Appeal from the United States District Court for the Eastern District of Pennsylvania, D.C. Civil Action No. 87-2929.
The complaint alleges that LSC is a place of public accommodation within the meaning of Title II, which has engaged in a pattern or practice of discrimination by refusing membership to blacks because of their race or color, in violation of Title II. On May 10, 1989, following a non-jury trial, the district court filed its findings of fact and conclusions of law. The court concluded that LSC is not exempt from Title II as a private club under 42 U.S.C. § 2000a(e), that it is covered by Title II as a place of public accommodation under 42 U.S.C. § 2000a(b)(2), (3) and (4), and that it has engaged in a pattern or practice of racial discrimination in violation of Title II, 42 U.S.C. § 2000a-5(a). On June 20, 1989, the district court entered a broad injunctive order to remedy the situation. This appeal followed.
We have jurisdiction under 28 U.S.C. § 1291 (1982).*fn2 We review findings of fact under the clearly erroneous standard. Fed. R.Civ.P. 52(a). To the extent that we review the application of the law to the facts, our review is plenary. Petrella v. Kashlan, 826 F.2d 1340, 1343 (3d Cir.1987).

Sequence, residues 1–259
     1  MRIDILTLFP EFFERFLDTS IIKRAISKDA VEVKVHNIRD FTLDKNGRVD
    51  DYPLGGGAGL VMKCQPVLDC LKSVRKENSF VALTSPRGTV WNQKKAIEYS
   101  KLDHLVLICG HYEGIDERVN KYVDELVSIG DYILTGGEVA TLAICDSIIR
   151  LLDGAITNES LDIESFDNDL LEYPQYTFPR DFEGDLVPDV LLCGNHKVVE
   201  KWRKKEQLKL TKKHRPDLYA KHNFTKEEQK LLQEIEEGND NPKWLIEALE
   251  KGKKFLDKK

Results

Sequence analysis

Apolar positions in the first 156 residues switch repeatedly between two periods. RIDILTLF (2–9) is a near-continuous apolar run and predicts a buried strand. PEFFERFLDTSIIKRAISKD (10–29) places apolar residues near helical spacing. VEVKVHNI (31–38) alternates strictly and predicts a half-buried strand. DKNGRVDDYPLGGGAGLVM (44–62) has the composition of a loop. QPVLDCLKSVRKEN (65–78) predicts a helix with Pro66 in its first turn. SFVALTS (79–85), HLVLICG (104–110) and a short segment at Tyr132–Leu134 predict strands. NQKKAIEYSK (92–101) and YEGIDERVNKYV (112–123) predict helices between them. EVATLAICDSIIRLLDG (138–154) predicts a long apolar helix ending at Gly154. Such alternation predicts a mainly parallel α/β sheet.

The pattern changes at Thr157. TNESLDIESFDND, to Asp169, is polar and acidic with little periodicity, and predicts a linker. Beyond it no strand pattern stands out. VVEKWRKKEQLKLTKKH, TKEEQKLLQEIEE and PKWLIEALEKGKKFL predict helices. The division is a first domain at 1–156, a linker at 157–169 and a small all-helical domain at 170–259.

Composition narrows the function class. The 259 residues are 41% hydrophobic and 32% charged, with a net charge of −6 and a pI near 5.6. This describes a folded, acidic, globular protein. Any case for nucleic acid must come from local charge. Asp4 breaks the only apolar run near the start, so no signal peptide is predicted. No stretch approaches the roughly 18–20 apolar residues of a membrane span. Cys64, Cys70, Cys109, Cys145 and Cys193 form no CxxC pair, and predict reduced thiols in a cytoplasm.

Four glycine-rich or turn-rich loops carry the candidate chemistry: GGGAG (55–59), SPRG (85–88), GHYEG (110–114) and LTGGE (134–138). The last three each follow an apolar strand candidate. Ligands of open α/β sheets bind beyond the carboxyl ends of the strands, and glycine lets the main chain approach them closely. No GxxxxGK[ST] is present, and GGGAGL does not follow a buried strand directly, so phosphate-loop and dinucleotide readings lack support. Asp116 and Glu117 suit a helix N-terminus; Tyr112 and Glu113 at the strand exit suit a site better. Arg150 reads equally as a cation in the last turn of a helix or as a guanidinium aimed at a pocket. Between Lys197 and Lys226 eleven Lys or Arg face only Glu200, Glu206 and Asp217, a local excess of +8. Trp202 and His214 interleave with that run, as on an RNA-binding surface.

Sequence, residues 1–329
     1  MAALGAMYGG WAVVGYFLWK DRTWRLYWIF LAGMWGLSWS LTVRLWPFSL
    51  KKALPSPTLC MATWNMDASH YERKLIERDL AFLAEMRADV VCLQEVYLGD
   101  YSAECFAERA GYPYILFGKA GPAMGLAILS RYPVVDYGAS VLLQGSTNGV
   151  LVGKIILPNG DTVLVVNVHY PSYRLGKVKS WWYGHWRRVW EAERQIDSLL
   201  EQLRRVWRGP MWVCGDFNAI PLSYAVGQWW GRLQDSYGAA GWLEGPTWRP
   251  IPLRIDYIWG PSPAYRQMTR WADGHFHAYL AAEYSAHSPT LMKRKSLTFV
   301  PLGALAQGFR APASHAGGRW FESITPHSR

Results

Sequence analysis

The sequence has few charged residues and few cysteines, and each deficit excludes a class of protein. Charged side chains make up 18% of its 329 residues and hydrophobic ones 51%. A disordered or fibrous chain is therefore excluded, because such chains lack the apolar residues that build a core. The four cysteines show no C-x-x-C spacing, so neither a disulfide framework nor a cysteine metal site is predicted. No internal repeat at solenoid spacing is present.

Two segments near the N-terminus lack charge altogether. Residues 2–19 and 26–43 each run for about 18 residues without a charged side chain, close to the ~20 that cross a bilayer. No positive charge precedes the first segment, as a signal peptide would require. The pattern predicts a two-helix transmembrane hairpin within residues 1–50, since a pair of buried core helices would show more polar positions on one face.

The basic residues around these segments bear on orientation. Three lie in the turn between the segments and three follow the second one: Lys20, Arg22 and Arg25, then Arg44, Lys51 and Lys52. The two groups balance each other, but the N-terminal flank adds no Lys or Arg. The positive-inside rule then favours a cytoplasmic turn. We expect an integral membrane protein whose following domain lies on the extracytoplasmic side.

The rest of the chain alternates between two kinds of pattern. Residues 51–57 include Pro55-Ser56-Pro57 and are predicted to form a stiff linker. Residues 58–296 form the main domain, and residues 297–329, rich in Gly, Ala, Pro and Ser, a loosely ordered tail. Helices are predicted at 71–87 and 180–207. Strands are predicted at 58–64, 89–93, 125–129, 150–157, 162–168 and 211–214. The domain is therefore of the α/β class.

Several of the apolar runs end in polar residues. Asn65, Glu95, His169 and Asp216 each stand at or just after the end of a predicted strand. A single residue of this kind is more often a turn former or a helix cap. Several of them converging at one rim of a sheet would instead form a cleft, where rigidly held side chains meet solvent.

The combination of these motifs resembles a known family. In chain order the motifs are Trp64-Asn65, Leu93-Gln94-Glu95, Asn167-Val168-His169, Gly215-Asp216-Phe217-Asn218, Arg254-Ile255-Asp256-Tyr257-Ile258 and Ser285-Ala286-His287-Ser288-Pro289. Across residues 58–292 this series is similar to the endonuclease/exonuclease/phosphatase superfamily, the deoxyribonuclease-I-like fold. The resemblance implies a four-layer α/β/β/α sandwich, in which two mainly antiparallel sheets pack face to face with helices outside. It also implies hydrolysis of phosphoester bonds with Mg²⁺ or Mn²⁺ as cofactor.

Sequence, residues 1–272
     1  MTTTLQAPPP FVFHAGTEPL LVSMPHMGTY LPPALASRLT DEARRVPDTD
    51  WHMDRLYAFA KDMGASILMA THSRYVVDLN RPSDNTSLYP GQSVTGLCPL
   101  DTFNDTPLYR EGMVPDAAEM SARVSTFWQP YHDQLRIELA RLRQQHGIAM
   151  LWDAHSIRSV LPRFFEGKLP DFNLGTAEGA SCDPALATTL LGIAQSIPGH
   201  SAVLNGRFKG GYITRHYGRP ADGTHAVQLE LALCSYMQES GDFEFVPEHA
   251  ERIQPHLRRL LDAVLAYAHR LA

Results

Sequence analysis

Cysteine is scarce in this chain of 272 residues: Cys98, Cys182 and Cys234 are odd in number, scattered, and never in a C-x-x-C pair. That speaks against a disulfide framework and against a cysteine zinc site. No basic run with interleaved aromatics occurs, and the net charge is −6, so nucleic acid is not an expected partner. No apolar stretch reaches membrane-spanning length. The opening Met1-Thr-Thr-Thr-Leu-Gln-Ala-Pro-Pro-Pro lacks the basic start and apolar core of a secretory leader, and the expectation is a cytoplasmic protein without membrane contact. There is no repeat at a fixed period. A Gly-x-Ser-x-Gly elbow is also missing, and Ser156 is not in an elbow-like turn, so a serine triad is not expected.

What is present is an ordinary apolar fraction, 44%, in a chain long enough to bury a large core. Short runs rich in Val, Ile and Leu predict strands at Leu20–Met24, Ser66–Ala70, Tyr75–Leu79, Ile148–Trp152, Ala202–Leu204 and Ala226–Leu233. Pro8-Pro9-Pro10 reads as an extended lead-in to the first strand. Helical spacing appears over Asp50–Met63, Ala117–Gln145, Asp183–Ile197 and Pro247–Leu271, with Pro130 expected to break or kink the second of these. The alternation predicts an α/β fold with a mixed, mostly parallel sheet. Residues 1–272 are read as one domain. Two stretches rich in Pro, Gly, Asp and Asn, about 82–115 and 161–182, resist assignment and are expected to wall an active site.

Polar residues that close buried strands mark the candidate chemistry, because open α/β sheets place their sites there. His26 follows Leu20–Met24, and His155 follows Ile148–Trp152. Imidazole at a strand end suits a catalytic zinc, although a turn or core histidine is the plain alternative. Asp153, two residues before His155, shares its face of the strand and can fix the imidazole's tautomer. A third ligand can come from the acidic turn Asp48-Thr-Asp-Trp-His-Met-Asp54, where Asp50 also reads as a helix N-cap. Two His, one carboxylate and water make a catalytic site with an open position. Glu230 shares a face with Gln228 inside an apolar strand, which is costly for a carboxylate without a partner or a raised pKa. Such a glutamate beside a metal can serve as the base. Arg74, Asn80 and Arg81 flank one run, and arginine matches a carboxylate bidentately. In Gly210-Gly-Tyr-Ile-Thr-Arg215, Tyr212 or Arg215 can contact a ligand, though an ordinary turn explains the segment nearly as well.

LSC's first argument is that it is a private club. Under Title II, "a private club or other establishment not in fact open to the public" is exempt from the statute. 42 U.S.C. § 2000a(e). LSC has the burden of proving it is a private club. See Anderson v. Pass Christian Isles Golf Club, Inc., 488 F.2d 855, 857 (5th Cir. 1974). Although the statute does not define "private club", cases construing the provision do offer some guidance.*fn3 The district court distilled eight factors from the case law as relevant to this determination, three of which it found dispositive of LSC's public nature: the genuine selectivity of its membership process, e.g., Tillman v. Wheaton-Haven Recreation Ass'n, 410 U.S. 431, 438, 35 L. Ed. 2d 403, 93 S. Ct. 1090 (1973), its history, e.g., Cornelius v. Benevolent Protective Order of Elks, 382 F. Supp. 1182, 1203 (D. Conn. 1974), and use of its facilities by nonmembers, id. Appellant disputes these findings.